Tough job

Posted: July 12, 2014 in Inconsequential blabber
Tags: , , , , , ,

Of course we researchers complain a lot about the many downsides of our academic life. It is true it is a stressful job, that we all work like hell, late at night, often during the week-ends, that we take few holidays and that we don’t even get the high salaries our level of studies would entitle us to in private companies, nor the even the appreciation of the society to compensate for our all-too-often sacrificed personal lives.

True enough. But as I write these few lines in transit in Tokyo, about to meet four members (or ex-) of our research group for a mightily interesting congress in Australia, while most of the rest of the team is at another meeting in Hawaii, I have to ponder these gloomy thoughts, don’t you think?

Don’t get me wrong, these congresses, however exotic, are no real vacation. As I write this, I haven’t slept in 32 hours, and I probably won’t get much sleep in the next 36 hours either. And very probably I’ll come back a wreck, exhausted by 5 days of scientific interactions in a marvellous foreign city I won’t get to visit, and by the 40+ hours trip back that will be followed straight away by my normal (ie hellish) week of work.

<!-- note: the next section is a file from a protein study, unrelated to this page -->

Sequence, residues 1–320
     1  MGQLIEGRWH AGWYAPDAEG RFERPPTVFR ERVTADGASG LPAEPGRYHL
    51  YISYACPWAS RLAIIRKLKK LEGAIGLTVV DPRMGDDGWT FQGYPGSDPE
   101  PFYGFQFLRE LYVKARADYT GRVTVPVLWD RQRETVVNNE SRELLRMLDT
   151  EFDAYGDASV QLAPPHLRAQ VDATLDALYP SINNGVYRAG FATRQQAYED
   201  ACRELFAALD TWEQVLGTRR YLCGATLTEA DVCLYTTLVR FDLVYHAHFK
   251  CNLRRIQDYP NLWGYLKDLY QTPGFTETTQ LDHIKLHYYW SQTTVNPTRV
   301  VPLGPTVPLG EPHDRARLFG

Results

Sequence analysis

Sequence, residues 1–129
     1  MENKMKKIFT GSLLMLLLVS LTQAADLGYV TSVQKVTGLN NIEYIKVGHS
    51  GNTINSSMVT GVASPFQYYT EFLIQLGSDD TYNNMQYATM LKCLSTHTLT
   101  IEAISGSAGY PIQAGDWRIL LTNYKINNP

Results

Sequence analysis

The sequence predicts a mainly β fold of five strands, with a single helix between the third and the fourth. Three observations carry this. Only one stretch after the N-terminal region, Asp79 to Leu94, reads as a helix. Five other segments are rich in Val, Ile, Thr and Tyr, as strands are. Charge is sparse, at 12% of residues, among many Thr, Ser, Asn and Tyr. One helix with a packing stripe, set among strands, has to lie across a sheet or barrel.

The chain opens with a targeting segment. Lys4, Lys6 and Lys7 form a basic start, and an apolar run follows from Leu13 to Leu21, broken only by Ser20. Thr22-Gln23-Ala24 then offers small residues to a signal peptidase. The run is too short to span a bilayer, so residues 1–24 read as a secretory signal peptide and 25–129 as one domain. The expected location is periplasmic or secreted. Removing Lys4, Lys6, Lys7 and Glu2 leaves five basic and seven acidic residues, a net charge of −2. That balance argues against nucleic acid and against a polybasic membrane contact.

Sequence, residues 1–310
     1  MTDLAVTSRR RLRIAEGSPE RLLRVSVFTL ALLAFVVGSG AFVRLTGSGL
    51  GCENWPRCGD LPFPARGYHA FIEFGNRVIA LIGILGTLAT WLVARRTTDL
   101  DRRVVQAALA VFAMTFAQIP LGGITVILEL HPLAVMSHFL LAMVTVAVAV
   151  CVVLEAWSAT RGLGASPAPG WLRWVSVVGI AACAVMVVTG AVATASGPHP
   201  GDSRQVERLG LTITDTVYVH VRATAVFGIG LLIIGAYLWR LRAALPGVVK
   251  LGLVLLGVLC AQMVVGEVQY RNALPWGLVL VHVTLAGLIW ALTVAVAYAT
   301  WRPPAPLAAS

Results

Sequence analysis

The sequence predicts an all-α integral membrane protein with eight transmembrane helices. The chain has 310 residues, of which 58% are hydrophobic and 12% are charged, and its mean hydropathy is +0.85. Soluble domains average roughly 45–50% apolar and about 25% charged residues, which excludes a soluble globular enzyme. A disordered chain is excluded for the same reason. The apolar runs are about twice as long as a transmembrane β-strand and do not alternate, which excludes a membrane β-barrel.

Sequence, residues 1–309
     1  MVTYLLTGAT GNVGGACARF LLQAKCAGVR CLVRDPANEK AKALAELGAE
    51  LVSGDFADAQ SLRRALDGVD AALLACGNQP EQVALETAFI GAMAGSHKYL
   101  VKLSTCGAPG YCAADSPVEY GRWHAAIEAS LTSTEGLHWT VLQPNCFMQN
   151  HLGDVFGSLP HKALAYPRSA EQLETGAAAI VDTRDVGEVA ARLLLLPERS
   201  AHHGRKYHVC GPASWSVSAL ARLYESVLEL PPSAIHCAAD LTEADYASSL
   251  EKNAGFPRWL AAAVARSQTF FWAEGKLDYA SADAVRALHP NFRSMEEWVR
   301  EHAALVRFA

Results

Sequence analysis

Yet, being a researcher means a lot of positive things, starting with total freedom (at least in my country and institute). I repeat: TOTAL FREEDOM. I can work on whatever I want, however I want, whenever I want, with whomever I want. I get paid to answer my own questions, to learn interesting things all my life, to meet brilliant colleagues. And yes, to travel the world. I don’t have to wear a costume to work, to bow to a dictatorial boss, to worry about being late or similar puny things. The sacrifices that I do, I do them willingly, and they are amply compensated by the satisfaction I take from my work and my interactions with my colleagues.

Freedom is arguably the foremost thing humanity seeks throughout the world. It is also perhaps the most important feature of research, and the most appreciated aspect of my profession. I forbid you to say otherwise.

office

My personnal vision of hell

 

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Comments
  1. Eric says:

    The two guys on the left side of the photo are even more severely punished: They have nothing for working while waiting for the devil…

    Anyway, you are definitively right Franck with this post about freedom for scientists.
    For example, during the last weeks I took the liberty not to go to the conference in Hawaii, not to that of Cairns 😉

    Liked by 1 person

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